Vitamin D, often known as the "sunshine vitamin," is normally obtained through exposure of our skin to the sun. The Department of Health recommends that everyone in the UK should take a supplement of vitamin D during the winter months (October to March), as there is insufficient UV light for our bodies to manufacture vitamin D.
This advice was also recently extended during the COVID pandemic, for people who were self-isolating during the summer months—who were advised to take vitamin D supplements daily.
Vitamin D is also an essential supplement for pregnant women as it helps to aid calcium and phosphorous metabolism, which are necessary for fetal skeletal growth. Adequate vitamin D and calcium status during pregnancy are also associated with decreased risk of pre-eclampsia, low birthweight, poor postnatal growth, bone fragility, an increased incidence of autoimmune diseases and gestational diabetes. This is a condition where high blood sugar (glucose) develops during pregnancy. BAME women and those with a BMI greater than 30 are at an increased risk.
People from some ethnic minority groups are particularly at risk of vitamin D deficiency, due to increased levels of melanin in the skin—as this reduces absorption of vitamin D from sunlight. People with a BMI of more than 30 are also at increased risk of the deficiency. And emerging research also indicates that supplementing with the recommended daily dose (10 ug) may not be enough for both these groups .
So as we are now approaching a long, dark, socially-isolated winter in the UK, adequate vitamin D supplementation has never been more important. This is particularly the case for pregnant women. Especially those with darker skin or a BMI over 30. This is not only for fetal and maternal health but also to reduce the risk of compromised immunity.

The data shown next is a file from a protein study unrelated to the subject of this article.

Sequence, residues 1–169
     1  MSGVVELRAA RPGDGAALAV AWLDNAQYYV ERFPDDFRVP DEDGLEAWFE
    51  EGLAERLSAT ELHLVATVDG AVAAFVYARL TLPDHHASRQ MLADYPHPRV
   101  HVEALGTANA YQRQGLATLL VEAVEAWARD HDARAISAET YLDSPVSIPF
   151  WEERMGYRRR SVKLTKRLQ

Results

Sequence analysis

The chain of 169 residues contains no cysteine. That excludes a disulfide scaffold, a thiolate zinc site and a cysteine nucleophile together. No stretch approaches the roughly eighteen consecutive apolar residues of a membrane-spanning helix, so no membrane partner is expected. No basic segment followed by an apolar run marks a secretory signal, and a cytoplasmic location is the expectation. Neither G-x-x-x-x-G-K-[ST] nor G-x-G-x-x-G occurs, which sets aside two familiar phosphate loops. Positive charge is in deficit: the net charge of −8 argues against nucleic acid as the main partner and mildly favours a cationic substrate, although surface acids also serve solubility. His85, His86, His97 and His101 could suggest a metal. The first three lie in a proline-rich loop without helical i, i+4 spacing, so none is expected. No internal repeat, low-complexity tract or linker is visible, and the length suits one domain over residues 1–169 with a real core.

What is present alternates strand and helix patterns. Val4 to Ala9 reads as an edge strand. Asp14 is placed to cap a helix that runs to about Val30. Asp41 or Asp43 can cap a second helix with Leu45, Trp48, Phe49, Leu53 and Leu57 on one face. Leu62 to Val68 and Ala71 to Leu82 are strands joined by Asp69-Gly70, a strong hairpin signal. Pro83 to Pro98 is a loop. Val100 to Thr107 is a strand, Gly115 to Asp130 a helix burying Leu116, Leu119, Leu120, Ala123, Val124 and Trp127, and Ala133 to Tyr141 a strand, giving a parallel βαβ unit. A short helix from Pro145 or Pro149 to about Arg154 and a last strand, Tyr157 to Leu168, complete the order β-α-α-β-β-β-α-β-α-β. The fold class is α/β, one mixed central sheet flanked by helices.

Importance of vitamin D
Vitamin D deficiency is very common—with about one billion people around the world thought to be deficient. The signs and symptoms of vitamin D deficiency can include muscle weakness and fatigue along with bone pain and weakness. Some further studies have also linked vitamin D deficiency with depression.
Vitamin D also has an essential role in supporting the immune system – triggering the immune cells to produce antibodies. So people who are deficient in vitamin D may be immunocompromised and more prone to infections.
This is why the Department of Health has increased its public health messaging around the importance of vitamin D supplementation. Indeed, scientists have also recently suggested that vitamin D should be added to bread and milk to help fight COVID-19.
For many women, pregnancy is a time of increased nutritional awareness and the motivation to do what's right for themselves and their baby. So this means, from a public health perspective, it's also a window of opportunity to impart nutritional messages to a mother and the family.
Midwives can have an effective role in helping to educate women on the benefits of healthy eating and appropriate nutritional supplements during pregnancy. But research shows that many midwives feel they lack adequate knowledge or confidence to fulfill this role. And time constraints and conflicting information can also make this difficult. My research into this area has also found this to be true—68% of the midwives I spoke with said they lacked in time, confidence and knowledge.
Maybe then a more collaborative approach between midwives, nutritionists and education experts is needed. This is important because a well-balanced diet is crucial for optimum health throughout life.
Indeed, the World Health Organization has identified that the first 1,000 days—from conception until a child's second birthday—are the most influential in terms of long-term health—making good nutrition and correct supplementation during pregnancy vital. So this winter, if you are pregnant or breastfeeding, make sure you take the correct dose of vitamin D—for both you and your baby.
Provided by The Conversation